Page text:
Light entering the micro-lens array 1621 is divided into sub-beams by the plurality of micro-lenses 1621 a. Each sub-beam 1610 a that is parallel to the clear viewing direction VD (that usually leads to the highest image contrast) is focused in the vicinity of the corresponding pixel electrode 1627 passing through the aperture 1624A, the liquid crystal layer 1626, pixel electrode 1627, electrode substrate 1628, and polarizer 1629. Light that is not parallel to the clear viewing direction VD such as sub-beam 1610 b having an angle of incidence symmetrical with that of the small beam 1610 a, is also converged in the vicinity of the corresponding pixel electrode 1627 where it impinges at the highly reflective layer 1624B. This sub-beam 1610 b gets reflected back and recycled within the static speckle reduction apparatuses 1400, 1400 a, 1400 b and 1400 c. This reflected light impinges on the liquid crystal micro-display 1650 for a second time (after being recycled once within the static speckle reduction apparatuses 1400, 1400 a, 1400 b and 1400 c) where it has a chance of exiting along the clear viewing direction VD, thus, enhancing the micro-display and projection system contrasts. This recycling process continues until most of the light exits in clear viewing direction VD. The liquid crystal micro-display 1650 can be made to display monochrome or color images.
The micro-lens array (MLA) 1621 has the advantage of enhancing the contrast ratio of the transmissive micro-display. Such micro-displays are discussed by Ogawa in U.S. Pat. No. 6,195,143 B1 and by Saito, et al. in U.S. Pat. No. 6,825,889 B1, which are hereby incorporated by reference. In order to have better light coupling efficiency, it is preferable that the light shield used in the micro-displays is a highly reflective layer.
The moving diffuser 1720 permits further reduction of the speckle pattern or noise, which in turn simplifies the design and enhances the optical efficiency of the static speckle reduction apparatus 1710.
Other devices for reducing speckle can be used in connection with the static speckle reduction apparatuses 200, 300, 400, 500, 600, 700, 800, 1000, 1200, 1400, 1400 a, 140 b and 1400 c disclosed herein, either at their input or output sides. Examples of these devices include the use of an electro-optic device, as described in U.S. Pat. No. 6,791,739 to Ramanujan et al., which is hereby incorporated by reference; flowing fluid diffusers; non-flowing fluid diffusers; and nutating diffusion plates as described in U.S. Pat. No. 5,534,950 to Hargis et al., which is hereby incorporated by reference.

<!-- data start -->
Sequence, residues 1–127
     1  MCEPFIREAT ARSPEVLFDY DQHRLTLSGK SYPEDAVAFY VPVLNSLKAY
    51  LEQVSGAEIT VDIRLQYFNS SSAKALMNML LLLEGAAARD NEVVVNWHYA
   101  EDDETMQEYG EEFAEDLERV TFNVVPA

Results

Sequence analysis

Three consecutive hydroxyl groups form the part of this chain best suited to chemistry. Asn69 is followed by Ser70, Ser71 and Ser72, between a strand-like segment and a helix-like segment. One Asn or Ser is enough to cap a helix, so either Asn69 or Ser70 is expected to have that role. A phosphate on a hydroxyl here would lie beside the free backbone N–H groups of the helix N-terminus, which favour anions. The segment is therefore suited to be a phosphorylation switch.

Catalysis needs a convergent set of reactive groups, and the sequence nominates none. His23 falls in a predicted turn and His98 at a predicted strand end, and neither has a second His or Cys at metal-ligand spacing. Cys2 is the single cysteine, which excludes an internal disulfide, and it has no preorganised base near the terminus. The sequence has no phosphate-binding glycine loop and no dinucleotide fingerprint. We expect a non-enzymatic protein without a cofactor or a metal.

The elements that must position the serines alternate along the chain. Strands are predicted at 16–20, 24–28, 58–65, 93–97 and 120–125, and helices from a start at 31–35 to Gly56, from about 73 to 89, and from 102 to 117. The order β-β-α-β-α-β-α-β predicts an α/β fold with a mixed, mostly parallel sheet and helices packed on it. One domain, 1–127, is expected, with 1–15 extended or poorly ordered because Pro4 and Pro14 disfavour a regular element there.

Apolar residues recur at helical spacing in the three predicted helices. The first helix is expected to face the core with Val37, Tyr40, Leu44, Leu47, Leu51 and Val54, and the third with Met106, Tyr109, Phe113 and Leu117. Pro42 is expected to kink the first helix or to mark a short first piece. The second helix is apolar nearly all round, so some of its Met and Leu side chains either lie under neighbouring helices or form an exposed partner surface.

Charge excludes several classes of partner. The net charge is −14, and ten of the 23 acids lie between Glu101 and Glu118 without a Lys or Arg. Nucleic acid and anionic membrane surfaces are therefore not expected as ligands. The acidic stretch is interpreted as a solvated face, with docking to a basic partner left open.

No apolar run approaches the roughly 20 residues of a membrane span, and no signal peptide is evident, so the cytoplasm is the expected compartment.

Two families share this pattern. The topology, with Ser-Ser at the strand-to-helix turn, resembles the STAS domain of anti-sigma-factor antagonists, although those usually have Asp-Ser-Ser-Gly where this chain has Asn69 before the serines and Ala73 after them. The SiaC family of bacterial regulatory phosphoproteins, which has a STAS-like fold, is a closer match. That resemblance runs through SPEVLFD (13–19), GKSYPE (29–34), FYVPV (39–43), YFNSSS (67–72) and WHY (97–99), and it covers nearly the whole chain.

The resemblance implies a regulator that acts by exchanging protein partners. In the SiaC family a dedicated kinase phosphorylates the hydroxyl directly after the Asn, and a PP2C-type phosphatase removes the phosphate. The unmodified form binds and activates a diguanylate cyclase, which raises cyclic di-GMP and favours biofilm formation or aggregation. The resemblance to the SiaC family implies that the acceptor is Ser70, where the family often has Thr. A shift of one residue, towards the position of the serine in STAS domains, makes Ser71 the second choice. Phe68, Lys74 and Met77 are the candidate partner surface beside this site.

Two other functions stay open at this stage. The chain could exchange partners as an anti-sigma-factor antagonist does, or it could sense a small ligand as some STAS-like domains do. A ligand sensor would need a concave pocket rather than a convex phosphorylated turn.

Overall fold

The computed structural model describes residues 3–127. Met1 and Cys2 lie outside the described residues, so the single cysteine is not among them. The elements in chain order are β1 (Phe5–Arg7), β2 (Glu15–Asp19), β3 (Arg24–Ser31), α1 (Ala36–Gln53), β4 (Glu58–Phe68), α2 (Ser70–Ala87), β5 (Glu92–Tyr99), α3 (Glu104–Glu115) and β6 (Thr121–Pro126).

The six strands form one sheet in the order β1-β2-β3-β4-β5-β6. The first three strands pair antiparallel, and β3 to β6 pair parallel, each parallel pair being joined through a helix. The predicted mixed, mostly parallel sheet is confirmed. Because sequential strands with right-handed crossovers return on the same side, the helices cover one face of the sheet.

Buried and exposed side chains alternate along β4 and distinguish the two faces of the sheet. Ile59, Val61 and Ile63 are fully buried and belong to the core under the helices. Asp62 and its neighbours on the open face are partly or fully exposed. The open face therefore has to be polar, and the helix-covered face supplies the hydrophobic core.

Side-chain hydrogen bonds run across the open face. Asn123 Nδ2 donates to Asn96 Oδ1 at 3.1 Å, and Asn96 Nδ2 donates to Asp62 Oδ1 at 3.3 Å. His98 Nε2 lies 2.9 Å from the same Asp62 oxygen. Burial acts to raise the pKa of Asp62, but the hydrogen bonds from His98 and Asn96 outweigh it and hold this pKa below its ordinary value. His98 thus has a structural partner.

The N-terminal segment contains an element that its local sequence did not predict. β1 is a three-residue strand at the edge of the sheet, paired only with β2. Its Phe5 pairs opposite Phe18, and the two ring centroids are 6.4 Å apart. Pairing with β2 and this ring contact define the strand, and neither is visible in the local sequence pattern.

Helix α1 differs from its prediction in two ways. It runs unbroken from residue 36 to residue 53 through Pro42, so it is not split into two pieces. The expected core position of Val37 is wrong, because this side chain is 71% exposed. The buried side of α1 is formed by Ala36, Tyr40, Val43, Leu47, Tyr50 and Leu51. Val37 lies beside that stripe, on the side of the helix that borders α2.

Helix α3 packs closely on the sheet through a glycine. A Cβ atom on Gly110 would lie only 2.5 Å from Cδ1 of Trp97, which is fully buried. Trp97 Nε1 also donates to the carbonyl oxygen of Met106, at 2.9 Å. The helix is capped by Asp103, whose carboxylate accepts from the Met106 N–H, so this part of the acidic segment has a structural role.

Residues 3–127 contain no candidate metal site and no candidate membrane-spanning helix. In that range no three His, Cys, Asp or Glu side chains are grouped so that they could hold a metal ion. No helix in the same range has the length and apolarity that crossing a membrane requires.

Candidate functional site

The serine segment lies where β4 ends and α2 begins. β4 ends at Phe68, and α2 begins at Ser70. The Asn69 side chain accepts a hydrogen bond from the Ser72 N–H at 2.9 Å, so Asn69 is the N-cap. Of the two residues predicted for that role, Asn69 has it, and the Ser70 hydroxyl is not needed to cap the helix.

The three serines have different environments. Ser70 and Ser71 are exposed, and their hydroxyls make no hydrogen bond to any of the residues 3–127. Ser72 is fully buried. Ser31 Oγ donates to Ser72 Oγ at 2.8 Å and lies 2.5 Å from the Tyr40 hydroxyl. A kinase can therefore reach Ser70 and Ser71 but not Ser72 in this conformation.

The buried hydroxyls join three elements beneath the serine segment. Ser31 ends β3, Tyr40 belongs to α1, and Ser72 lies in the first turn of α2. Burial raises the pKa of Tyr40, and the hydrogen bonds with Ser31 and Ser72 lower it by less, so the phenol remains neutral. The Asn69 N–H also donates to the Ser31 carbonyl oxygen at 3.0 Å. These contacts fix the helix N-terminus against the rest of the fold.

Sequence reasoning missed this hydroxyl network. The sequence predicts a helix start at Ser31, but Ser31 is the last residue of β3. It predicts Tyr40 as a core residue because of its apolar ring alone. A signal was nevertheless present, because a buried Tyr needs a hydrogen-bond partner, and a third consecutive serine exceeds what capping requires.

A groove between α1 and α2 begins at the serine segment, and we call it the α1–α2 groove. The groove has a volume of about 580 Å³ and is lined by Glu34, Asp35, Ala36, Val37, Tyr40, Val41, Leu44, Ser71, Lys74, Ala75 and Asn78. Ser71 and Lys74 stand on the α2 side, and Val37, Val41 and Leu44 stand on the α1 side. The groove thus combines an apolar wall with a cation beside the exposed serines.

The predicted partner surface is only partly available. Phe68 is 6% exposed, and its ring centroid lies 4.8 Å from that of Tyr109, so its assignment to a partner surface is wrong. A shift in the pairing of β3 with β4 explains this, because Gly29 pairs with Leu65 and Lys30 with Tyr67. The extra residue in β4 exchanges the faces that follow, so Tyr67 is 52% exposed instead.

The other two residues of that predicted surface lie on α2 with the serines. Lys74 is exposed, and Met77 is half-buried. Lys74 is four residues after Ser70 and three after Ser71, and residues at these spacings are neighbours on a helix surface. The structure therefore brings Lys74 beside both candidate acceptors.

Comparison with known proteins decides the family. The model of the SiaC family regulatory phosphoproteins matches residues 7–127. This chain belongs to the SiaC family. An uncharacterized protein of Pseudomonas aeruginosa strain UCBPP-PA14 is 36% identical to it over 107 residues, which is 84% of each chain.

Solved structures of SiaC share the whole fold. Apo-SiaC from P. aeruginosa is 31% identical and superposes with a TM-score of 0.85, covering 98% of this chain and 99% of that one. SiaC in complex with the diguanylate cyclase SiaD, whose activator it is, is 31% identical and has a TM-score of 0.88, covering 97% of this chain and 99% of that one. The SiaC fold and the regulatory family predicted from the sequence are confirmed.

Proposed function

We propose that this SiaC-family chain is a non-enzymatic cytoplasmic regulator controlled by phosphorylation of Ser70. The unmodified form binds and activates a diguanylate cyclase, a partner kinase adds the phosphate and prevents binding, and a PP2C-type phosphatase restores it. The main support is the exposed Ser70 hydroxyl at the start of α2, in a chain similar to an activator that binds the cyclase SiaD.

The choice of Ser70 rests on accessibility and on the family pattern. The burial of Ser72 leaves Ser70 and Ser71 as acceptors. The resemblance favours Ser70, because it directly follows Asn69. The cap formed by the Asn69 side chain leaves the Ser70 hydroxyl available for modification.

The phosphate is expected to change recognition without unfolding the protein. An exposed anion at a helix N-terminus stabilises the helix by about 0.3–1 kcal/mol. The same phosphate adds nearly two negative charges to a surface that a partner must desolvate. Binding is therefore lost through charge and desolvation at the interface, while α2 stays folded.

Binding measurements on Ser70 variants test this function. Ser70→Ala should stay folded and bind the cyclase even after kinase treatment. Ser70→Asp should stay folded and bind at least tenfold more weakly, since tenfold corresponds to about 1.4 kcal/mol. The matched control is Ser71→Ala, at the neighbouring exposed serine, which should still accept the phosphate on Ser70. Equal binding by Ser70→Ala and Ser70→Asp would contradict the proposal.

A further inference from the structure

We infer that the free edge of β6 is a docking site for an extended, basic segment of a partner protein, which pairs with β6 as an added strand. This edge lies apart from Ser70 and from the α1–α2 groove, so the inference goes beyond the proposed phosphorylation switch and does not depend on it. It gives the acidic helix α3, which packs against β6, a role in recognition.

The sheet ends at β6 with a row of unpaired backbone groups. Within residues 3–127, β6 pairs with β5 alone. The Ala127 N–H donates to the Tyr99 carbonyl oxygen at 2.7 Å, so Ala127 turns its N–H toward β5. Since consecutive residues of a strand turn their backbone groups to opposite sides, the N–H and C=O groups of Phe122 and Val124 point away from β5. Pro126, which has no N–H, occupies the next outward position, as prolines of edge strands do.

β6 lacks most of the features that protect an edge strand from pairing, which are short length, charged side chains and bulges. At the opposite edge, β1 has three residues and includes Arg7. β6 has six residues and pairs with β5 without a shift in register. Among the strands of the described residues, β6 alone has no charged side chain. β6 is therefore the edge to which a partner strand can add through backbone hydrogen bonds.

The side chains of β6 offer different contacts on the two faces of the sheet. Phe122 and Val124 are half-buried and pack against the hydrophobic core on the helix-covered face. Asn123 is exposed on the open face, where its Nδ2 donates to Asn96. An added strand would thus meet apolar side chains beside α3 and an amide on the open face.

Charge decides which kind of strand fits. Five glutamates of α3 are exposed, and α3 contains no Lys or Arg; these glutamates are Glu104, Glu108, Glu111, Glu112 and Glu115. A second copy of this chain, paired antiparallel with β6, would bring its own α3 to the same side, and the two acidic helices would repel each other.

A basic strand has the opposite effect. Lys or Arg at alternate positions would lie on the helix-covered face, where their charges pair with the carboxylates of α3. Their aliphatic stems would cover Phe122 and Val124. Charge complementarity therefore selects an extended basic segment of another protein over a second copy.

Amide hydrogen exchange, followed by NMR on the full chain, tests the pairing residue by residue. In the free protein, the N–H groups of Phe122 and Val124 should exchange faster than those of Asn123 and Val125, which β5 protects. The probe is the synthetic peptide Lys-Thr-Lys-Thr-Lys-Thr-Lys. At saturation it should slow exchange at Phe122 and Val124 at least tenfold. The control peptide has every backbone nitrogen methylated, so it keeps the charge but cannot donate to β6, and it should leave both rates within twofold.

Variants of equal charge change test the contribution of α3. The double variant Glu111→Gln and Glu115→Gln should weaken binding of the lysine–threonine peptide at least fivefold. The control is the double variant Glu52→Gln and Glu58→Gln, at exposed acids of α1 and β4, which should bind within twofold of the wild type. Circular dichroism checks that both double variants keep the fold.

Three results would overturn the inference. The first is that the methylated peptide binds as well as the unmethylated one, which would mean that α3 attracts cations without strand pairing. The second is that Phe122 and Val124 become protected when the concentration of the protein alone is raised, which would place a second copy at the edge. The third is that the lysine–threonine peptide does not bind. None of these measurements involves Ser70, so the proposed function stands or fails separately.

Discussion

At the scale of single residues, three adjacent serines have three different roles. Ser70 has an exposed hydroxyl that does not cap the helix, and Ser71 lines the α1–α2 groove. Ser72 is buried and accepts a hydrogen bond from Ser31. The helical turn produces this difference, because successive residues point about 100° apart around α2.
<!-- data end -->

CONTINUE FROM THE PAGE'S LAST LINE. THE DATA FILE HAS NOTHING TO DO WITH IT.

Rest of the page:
A flowing fluid diffuser comprises a pair of closely spaced glass plates between which a highly turbid fluid flows. An example of such a turbid fluid is Liquid PaperŪ. This technique can remove speckle at modest flow rates. In non-flowing fluid diffusers, speckle is eliminated in the absence of flow or moving parts. Due the presence of particles that are sufficiently small in size suspended in a fluid diffuser. This phenomenon is caused by Brownian motion of the scattering particles.
The static speckle reduction apparatus 200, 300, 400, 500, 600, 700, 800, 1000, 1200, 1400, 1400 a, 140 b and 1400 c can also be used in connection with a vibrating screen for further speckle reduction.
Alternatively, the partially reflective mirror (which can be, for example, a transmissive micro-display) can be moved via a vibratory or other motion to further reduce speckle. In this case, partially reflective mirror is positioned in close proximity to the light tunnel/pipe without being firmly attached to it.
A transmissive micro-display 2000 is shown in
Each pixel consists of one electrode 2627 b, electrode base 2627 a, pixel electrode connector 2627 c, common electrode 2625, and a liquid crystal layer 2626 sandwiched between both electrodes 2627 b and 2625. The pixel electrode connector 2627 c and electrode base 2627 a are both used to provide electrical contact between the thin-film transistor 2635 and pixel electrode 2627 b. The pixel electrode connector 2627 c is deposited on the sidewalls and entrance aperture (i.e. micro-guide 2621 a side facing the electrode base 2627 a) of each micro-guide 2621 a.